Guerrero finished high school in Boston living with friends, but she became extremely depressed as the result of her separation from her family. Her story reflects an extreme example of the immigrant experience in the United States, but another equally harrowing tale, this one told in novel form, is last year’s American Street by Ibi Zoboi (HarperCollins/Balzer + Bray), a National Book Award finalist. The main character, Fabiola Toussaint, and her mother are trying to move from Haiti to Michigan when her mother is detained and Fabiola is sent on by herself. The story was based on the author’s own experiences as a young Haitian immigrant to the U.S.
Even if their parents are around, undocumented kids and teens live with the constant fear that might change. Julissa Arce talks about growing up as an illegal immigrant in Texas and how masking one’s citizenship status required constant vigilance in Someone Like Me: How One Undocumented Girl Fought for Her American Dream (Little, Brown, Sept.). Sara Saedi, a daughter of undocumented Iranian immigrants, has a similar story to tell in her memoir, Americanized: Rebel Without a Green Card (Knopf), but she presents the tale with a particular teenage sensibility, illustrating how getting a date to the prom can feel just as important as getting a green card from an adolescent’s point of view.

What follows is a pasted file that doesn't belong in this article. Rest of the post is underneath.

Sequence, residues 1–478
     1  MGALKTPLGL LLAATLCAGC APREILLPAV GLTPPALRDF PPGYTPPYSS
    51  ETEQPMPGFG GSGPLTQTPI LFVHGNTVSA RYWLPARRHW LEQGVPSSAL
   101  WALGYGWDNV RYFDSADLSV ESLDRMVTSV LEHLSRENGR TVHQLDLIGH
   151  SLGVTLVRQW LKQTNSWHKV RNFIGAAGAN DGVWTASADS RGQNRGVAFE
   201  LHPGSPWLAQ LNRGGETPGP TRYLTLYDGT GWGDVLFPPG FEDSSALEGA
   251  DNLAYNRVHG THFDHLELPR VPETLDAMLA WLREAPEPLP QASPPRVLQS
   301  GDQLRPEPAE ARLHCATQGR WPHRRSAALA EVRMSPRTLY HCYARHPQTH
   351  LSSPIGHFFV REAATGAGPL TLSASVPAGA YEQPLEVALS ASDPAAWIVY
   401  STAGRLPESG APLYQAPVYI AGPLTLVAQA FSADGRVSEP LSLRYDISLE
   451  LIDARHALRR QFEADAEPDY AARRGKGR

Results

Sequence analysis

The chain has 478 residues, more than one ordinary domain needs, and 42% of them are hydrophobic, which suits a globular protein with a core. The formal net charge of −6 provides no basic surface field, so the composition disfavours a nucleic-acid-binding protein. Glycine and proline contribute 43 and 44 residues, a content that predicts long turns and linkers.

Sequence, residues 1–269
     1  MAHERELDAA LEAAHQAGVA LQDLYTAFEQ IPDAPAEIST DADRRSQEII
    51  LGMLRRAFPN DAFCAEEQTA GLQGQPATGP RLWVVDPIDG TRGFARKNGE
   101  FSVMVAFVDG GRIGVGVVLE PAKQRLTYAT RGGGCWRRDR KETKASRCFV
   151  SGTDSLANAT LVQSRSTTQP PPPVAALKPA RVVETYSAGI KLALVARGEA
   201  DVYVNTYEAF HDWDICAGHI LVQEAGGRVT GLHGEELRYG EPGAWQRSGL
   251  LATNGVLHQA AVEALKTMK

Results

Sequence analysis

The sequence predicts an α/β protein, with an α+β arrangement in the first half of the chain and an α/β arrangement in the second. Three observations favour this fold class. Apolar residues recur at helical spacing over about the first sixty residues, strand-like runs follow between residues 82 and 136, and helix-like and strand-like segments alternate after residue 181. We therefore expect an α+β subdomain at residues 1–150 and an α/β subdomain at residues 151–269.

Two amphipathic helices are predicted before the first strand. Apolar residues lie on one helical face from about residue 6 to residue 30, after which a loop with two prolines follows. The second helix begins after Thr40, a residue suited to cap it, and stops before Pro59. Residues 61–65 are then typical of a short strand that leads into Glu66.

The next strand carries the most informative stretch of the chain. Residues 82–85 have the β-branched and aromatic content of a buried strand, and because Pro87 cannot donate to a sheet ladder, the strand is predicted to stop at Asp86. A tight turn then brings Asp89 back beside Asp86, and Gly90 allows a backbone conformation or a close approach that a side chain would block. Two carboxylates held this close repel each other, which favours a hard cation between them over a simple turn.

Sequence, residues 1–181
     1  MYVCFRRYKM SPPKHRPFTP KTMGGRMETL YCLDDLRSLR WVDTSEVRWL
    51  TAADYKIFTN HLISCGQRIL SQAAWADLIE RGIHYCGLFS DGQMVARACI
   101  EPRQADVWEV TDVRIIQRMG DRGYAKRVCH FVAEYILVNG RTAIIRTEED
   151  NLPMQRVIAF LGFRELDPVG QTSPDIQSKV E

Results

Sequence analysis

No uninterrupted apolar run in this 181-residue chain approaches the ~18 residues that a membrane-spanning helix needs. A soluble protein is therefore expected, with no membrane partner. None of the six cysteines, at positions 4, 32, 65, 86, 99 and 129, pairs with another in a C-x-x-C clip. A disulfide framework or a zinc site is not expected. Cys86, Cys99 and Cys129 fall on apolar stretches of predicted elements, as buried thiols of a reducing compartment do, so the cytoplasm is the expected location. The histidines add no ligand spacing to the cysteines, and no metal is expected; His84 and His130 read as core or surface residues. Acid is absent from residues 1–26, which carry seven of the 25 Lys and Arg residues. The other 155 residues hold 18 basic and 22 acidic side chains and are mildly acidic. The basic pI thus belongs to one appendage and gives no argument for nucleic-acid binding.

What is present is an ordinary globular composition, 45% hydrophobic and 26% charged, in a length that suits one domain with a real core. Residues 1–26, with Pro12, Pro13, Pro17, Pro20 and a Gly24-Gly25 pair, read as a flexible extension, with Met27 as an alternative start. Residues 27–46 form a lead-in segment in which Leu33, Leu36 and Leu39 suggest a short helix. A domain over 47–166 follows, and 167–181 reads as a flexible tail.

“Owing in large part to long-overdue attention being paid to more diverse voices, YA lit is in a better place to respond to what’s actually happening in the world,” says Tina Dubois, a literary agent with ICM, who sold Arvin Ahmadi’s debut novel, Down and Across, to Viking in a preempt. “And considering the anti-immigration stance of the current political administration, we need more books about this experience.”